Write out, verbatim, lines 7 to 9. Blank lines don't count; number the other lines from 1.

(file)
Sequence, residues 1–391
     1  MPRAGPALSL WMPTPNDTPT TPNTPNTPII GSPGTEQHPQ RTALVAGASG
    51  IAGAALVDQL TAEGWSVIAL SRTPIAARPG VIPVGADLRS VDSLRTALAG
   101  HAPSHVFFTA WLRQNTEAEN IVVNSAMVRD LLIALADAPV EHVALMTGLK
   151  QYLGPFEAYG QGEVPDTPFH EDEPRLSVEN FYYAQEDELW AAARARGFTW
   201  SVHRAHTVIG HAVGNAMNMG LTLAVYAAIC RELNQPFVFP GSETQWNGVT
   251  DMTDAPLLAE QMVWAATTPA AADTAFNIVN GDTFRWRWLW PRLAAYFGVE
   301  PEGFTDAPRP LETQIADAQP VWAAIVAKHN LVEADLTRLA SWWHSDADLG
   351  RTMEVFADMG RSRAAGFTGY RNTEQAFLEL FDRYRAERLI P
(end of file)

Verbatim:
   251  DMTDAPLLAE QMVWAATTPA AADTAFNIVN GDTFRWRWLW PRLAAYFGVE
   301  PEGFTDAPRP LETQIADAQP VWAAIVAKHN LVEADLTRLA SWWHSDADLG
   351  RTMEVFADMG RSRAAGFTGY RNTEQAFLEL FDRYRAERLI P